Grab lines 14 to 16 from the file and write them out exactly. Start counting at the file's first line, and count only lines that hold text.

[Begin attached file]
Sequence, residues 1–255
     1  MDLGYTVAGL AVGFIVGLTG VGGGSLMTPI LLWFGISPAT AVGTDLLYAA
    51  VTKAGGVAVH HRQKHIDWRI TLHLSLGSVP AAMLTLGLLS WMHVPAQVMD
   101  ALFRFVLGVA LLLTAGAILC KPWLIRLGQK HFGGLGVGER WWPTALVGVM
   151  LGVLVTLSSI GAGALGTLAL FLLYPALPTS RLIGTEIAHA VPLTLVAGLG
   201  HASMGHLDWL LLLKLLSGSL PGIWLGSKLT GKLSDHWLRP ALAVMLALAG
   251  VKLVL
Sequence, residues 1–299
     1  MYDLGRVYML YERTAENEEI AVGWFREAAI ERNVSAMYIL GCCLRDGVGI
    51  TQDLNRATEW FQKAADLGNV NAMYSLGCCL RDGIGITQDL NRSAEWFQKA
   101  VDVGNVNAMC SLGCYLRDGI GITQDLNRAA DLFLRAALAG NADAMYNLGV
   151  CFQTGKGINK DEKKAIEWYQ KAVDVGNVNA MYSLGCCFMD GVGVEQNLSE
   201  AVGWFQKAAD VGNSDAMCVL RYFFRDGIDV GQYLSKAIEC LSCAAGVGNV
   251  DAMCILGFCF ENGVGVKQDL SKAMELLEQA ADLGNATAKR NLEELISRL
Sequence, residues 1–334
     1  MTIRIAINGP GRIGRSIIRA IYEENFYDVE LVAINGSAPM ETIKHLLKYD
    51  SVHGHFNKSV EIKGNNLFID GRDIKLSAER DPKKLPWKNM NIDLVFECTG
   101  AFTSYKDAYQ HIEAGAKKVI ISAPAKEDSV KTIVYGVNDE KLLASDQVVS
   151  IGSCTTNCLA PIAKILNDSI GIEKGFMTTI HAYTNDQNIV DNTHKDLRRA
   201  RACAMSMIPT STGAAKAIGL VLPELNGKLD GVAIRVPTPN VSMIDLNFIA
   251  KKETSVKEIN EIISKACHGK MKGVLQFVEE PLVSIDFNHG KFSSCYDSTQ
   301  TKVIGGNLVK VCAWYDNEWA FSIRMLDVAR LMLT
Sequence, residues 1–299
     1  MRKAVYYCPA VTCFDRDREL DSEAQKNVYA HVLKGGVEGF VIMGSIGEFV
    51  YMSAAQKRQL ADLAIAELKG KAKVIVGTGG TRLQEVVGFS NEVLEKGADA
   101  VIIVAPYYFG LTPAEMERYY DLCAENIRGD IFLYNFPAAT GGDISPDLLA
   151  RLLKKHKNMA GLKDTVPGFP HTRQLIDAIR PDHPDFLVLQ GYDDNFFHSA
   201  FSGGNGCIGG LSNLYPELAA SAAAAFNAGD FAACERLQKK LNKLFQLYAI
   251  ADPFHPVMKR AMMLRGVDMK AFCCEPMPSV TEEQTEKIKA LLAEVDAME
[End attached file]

   251  DAMCILGFCF ENGVGVKQDL SKAMELLEQA ADLGNATAKR NLEELISRL
Sequence, residues 1–334
     1  MTIRIAINGP GRIGRSIIRA IYEENFYDVE LVAINGSAPM ETIKHLLKYD